After the Christmas revival of Gavin & Stacey hit many as 17.1 million viewers, Kelly Parnell takes a look at how nostalgic TV could actually be good for our mental health, and why it's exactly what the nation needs...
It was, as they say in Barry, lush. And thanks to the gobsmacking success of the Gavin & Stacey Christmas Special, we can expect to see much more of Ruth Jones and James Corden’s brand of feel-good humour on our screens (and possibly even more Gavin & Stacey, since co-creators Ruth Jones and James Corden have confirmed they’re ‘open’ to the possibility of a new series).
The recently-released viewing figures are enough to silence even Uncle Bryn – Gavin & Stacey just hit 17.1 million viewers and become the UK’s most watched comedy in 17 years.
But if you ask me, it’s as much about our collective desire to watch something that makes us happy, as it is the genius of Jones and Corden.
Don’t get me wrong, Gavin & Stacey was and still is, brilliant – a lovely, uplifting, laugh-out-loud, life-affirming, sing-a-long-a romp as good as its first season 12 years ago.
But it’s not the best comedy in 17 years, it’s more the most desperately-needed comedy of the year.
It comes at a time when we’re all on our knees post-Brexit, when our daily social media interaction involves people screaming abuse at each other for their opposing views and everyone is feeling more polarised than ever. It’s exhausting and dispiriting.
So to be allowed to watch something that feeds our nostalgia for a time when things felt more simple and well, silly, felt like the ultimate mindfulness medicine – a salve for our shrivelled souls. While the show didn’t escape completely unscathed (use of the word ‘faggot’ during a rendition of The Pogues’ Fairytale of New York drew criticism) watching Smithy and Gavin do their cute little dance on the doorstep, and Pete and Dawn croon crazy ballads felt like going back to a time when we weren’t slaves to our smartphones, when we were just happy. After all, when Gavin & Stacey first started in 2007, we weren’t all live-tweeting our reactions – we’d wait until we went to work the next day to recite the gags with our colleagues. Ah, the age of comedy innocence.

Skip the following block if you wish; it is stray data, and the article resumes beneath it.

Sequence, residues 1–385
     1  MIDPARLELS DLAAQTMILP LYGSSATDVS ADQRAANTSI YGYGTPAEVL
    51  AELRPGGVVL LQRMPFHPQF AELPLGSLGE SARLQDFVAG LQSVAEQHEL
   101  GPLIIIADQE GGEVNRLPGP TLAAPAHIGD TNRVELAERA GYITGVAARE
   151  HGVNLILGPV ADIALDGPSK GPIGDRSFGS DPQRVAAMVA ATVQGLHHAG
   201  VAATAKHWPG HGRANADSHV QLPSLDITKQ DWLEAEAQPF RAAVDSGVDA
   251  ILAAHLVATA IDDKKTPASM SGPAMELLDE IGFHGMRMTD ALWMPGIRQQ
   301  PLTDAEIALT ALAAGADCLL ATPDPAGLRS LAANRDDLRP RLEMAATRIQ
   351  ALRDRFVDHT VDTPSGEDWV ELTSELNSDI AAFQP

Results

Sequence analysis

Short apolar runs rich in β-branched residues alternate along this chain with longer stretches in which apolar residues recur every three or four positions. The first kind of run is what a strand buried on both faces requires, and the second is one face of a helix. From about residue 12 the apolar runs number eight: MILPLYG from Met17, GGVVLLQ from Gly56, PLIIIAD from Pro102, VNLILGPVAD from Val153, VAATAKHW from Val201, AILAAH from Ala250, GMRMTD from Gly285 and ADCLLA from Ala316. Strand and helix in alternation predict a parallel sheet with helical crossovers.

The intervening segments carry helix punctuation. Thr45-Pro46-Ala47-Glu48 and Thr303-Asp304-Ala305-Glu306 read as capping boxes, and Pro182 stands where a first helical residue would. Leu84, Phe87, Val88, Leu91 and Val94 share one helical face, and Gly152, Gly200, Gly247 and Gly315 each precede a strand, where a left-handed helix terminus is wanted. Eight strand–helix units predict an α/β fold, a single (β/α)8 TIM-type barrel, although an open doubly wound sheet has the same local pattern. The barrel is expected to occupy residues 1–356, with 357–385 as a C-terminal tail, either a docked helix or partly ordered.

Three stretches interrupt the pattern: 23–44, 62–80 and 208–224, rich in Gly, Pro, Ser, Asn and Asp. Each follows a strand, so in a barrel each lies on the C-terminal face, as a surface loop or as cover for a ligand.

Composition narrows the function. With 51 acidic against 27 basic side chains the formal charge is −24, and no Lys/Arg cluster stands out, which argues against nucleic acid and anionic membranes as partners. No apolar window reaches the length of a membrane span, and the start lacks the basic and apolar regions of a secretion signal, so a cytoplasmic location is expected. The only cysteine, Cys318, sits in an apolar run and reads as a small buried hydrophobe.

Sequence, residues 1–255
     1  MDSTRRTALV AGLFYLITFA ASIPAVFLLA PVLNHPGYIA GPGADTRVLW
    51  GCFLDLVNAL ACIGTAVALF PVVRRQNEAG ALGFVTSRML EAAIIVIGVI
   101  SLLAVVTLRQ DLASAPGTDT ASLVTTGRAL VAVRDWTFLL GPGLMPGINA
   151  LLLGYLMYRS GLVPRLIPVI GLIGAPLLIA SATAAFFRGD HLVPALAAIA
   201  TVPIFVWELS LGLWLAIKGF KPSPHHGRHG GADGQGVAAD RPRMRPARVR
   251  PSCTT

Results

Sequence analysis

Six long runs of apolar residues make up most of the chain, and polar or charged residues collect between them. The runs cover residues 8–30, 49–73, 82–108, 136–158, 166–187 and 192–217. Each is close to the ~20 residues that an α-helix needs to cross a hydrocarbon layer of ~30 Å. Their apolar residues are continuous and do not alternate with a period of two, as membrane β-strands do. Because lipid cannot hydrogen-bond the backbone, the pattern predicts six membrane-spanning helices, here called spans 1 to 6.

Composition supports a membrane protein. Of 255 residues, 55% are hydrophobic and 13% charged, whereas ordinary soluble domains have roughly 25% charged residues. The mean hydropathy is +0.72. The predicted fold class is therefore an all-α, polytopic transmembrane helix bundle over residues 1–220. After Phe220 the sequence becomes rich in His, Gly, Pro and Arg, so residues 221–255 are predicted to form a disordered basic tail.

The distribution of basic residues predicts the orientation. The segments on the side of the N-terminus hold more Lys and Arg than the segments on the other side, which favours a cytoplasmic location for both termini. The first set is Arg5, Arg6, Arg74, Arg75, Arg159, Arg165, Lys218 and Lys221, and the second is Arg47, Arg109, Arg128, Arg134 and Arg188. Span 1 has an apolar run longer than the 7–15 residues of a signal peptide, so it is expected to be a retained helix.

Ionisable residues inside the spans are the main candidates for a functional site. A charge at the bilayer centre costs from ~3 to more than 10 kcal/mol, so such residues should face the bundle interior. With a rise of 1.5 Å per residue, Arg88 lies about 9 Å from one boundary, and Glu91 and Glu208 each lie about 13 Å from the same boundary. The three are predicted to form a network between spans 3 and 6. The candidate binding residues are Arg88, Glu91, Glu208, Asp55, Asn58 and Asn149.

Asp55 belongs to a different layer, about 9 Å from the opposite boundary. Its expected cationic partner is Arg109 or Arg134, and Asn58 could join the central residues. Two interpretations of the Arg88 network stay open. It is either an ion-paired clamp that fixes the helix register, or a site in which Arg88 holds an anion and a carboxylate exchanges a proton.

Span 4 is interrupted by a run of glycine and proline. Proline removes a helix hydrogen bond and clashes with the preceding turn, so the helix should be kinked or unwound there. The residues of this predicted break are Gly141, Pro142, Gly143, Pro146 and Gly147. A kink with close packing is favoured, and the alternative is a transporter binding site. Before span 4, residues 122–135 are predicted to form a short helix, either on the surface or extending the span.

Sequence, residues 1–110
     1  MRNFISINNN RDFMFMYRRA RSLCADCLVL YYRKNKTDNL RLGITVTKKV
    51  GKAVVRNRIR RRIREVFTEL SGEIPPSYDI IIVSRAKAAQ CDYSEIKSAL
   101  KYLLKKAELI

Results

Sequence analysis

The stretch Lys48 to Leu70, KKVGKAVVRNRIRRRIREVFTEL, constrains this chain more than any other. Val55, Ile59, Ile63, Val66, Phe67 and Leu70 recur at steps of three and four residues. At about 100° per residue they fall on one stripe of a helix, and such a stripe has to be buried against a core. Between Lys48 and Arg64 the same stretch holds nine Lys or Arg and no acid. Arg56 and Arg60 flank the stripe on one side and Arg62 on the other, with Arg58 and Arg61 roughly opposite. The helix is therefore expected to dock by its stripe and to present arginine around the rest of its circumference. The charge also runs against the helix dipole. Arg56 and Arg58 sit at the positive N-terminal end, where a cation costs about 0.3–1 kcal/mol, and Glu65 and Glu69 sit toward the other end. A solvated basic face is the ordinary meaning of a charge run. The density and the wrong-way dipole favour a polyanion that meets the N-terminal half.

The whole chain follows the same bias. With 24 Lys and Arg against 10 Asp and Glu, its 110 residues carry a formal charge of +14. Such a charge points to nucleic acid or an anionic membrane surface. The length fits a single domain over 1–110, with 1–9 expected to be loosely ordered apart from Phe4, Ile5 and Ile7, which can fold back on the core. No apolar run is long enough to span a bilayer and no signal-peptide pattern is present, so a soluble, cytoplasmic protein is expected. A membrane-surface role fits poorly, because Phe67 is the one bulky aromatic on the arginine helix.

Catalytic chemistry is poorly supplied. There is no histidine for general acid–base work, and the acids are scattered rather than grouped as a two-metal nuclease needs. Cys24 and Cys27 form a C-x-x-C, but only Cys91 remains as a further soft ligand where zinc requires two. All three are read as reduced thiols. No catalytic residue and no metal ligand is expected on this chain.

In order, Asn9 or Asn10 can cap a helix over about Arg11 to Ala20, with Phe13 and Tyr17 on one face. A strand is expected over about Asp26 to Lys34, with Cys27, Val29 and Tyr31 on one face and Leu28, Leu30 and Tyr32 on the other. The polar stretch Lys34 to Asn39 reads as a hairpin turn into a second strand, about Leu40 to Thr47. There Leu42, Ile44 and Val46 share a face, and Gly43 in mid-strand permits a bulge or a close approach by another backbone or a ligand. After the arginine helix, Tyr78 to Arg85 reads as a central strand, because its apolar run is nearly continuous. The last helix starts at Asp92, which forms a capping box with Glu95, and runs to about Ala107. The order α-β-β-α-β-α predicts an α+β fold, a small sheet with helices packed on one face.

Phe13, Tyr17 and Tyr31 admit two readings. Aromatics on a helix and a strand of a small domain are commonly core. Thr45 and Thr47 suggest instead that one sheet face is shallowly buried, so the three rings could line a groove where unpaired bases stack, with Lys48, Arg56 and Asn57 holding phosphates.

It felt like being gifted the ghost of comedy past – a precious piece of television history that went down as well as a Mint Bailey’s. And we need more of it – more life-affirming stuff that cheers us all up.
Meanwhile, you don’t have to be a media studies professor to predict that pound signs are flashing in the corridors of the BBC right now. In fact TV executives everywhere will be looking to cash in on the Gavin & Stacey effect – so we can expect to see uplifting comedy appearing on everything from Netflix to ITV. Even Corden critic Ricky Gervais’ latest outing After Life, that flips from some of the darkest TV possible to the meaning of life, was the most-watched comedy and second most-watched series on Netflix UK in 2019.
It’s good news for Gavin & Stacey fans and everyone else, because it turns out all this nice stuff is good for our mental health.
Psychology professor Constantine Sedikides from the University of Southampton, says nostalgia “elevates mood, self-esteem and a sense of connectedness” and “increases meaning in life”.
In the decade since Gavin & Stacey last aired, most of us have had life-changing experiences, notes TV and media psychologist Charlotte Armitage, which makes it even more poignant to revisit. “Watching a TV show that we watched regularly before life became complicated, provides us with the comforting sense of nostalgia. It essentially transports us back to a time which seemed much simpler and possibly happier than it might do now,” says Charlotte. And there’s nothing wrong with that.
“Television has always been used as a form of escapism. Watching our favourite shows encourages the release of dopamine in the brain: dopamine is one of the neurotransmitters that is responsible for making us feel good, hence why watching our favourite film or TV show makes us feel happy.
“On a practical level, ensuring that there is balance in life is a protective factor against mental illness and therefore taking time to enjoy entertainment is a healthy form of relaxation which is necessary for our wellbeing,” she says.
As Nessa would say, “Crackin’.”